Being a champion, on field and off

Published 12:36 am Friday, August 5, 2011

Troy Trojans softball coach Melanie Davis was the keynote speaker at the Luncheon of Champions yesterday.

Speaking to a bunch of winners Thursday at the Luncheon of Champions for the 2011 Babe Ruth 12U Softball World Series, Troy University head softball coach Melanie Davis said being a “champion” is important on the field as well as off the field.

“I just want to give a program to help these girls and give them something to hold on to throughout the tournament,” Davis said to the 12 teams participating in the World Series along with their families and fans.

Davis used a PowerPoint presentation to outline what it means to be a champion, using the first letter of the word “champions” as an acronym.

The letters stood for “character, heart, attitude, motivated, perseverance, initiative, optimistic, never quits and selfless.”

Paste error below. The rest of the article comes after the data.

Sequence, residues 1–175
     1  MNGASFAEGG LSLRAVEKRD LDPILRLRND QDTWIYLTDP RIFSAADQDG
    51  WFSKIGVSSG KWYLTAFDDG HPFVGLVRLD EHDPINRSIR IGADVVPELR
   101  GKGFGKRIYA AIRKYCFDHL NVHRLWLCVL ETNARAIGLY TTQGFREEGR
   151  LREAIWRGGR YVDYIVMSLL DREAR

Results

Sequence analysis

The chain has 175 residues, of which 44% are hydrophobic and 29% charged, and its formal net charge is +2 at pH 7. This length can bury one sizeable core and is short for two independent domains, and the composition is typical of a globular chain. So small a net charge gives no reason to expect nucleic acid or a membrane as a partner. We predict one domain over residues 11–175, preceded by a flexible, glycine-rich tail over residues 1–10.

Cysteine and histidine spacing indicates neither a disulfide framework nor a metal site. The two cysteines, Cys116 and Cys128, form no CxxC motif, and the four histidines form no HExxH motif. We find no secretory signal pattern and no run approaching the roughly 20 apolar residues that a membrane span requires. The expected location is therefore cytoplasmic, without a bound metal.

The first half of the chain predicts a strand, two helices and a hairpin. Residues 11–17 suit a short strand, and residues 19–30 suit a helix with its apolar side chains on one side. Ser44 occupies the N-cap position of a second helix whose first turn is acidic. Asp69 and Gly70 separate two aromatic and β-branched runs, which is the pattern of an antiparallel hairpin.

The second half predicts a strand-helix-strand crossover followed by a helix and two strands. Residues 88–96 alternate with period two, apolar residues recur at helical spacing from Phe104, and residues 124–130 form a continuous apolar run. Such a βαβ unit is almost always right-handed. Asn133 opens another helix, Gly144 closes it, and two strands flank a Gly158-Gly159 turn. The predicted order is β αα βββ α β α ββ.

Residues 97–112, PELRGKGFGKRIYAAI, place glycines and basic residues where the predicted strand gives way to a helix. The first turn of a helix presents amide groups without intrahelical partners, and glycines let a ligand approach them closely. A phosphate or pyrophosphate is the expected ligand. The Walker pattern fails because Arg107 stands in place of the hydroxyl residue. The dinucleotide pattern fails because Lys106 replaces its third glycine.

Davis urged the players to realize their potential and “never give up.”

“No matter what you’re facing — never, never give up,” she said.

She went on to say that the use of words can be a powerful tool.

Additionally, Davis talked about how the game of softball is a “game of failure,” saying that as softball players, you only get better by learning from your errors.

“Have you seen a major league batter batting a .300 average, making millions of dollars?” she said. “Well, he’s failed hitting the ball 7-out-of-10 times.”

Davis will enter her 19th season as the head coach for the Lady Trojans softball program.

Her accomplishments include 800 career wins, 700 wins at Troy and winning 31 games or more in 17 seasons.

Davis is a member of the West Alabama Softball Hall of Fame and a member of the National Fastpitch Association’s 600-win club, is the all-time winningest coach at Troy.

Her 706 wins is the most for any coach in Troy’s history in any sport.

Davis has guided the Lady Trojans to eight seasons of 40 wins or more, including a record 52 wins in 1995.

At the end of her address, Davis gave a few quotes from known individuals.

She ended with one that defines what it can mean to work as a team.

“‘An individual can make a difference, but a team can make a miracle,’” Davis said.